THE SPLENDID TABLE'S HOW TO EAT SUPPER
By Lynne Rossetto Kasper
Host, The Splendid Table®, American Public Media's national food show and co-author of The Splendid Table's How to Eat Supper: Recipes, Stories and Opinions and the new How to Eat Weekends. Ask questions and find Lynne, recipes and station listings at splendidtable.org, or 800-537-5252.
Copyright 2012 Lynne Rossetto Kasper
I am in love. My supermarket in my little town started carry mozzarella in liquid. Can you give me some authentic Italian ways of using it?
What a gift. Wonderfully squishy on the inside, fresh and milking tasting, this cheese comes close to what you'd eat in Italy. You can do so much with it beyond pizza.
In Rome there was this pasta dish of this sort of fresh mozzarella. It was tossed with bow-tie pasta, a little of the pasta water to make things creamy, chunks of fresh green tomatoes, lots of black pepper, and a slow cooked garlic in olive oil.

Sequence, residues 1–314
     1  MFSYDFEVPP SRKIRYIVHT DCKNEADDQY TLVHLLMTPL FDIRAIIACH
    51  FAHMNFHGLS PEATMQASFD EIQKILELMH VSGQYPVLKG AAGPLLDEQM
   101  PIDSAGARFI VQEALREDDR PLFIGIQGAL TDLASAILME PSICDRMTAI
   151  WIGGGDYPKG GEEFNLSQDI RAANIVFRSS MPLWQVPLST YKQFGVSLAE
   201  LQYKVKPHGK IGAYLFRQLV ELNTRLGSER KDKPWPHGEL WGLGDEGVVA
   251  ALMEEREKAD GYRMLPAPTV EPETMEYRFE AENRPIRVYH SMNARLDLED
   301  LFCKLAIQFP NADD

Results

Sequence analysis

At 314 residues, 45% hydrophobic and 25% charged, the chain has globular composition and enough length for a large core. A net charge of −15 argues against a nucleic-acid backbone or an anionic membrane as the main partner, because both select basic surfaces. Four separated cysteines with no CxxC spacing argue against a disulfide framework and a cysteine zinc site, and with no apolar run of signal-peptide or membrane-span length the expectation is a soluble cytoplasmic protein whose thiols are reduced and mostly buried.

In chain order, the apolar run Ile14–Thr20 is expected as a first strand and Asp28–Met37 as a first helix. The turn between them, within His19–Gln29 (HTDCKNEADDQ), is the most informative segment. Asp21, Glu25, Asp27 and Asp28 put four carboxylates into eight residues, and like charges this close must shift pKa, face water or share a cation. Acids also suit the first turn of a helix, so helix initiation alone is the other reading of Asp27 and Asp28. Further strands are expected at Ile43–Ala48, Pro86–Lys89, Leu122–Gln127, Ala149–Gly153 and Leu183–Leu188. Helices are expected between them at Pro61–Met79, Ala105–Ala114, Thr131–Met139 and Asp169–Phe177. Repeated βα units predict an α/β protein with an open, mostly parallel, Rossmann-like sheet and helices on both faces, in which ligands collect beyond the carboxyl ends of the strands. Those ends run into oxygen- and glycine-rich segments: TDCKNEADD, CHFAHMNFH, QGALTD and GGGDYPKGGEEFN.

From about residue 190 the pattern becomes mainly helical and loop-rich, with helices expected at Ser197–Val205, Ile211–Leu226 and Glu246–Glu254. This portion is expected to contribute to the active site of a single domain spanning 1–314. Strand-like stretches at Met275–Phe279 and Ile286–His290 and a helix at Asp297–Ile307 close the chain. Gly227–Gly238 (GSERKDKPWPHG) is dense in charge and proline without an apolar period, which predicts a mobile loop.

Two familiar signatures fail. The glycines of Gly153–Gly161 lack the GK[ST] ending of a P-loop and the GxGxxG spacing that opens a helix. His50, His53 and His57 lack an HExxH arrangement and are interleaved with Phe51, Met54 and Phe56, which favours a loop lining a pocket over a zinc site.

In Milan I had a great play of contrasts. A chef covered cool mozzarella slices with a spoonful of hot polenta. He finished it with melted butter and sautéed onions.
On a Puglia (the region that forms the heel of the boot) guest farm I had a great treatment as an antipasto -- mozzarella in cream. Little tastes of vegetables and the cheese are set out with lots of coarse, rustic bread. You mix and match what pleases you.
ANTIPASTO OF CREAM-DRENCHED MOZZARELLA WITH SMALL TOMATOES
15 minutes prep time; 24 hours unattended refrigerator time.
12 ounces mozzarella packed in liquid, drained, and cut into 1-inch
1-1/2 cups heavy cream
1 basket of small grape tomatoes
6 light-green inner stalks of celery, sliced into small sticks
1-1/2 to 2 cups good tasting oil-cured, Sicilian, or Kalamata black olives
1/4 cup Kosher salt in a bowl with a spoon
A pepper mill with black peppercorns
1/2 cup fresh basil leaves, torn in half
A loaf of country bread, broken into bite-sized pieces
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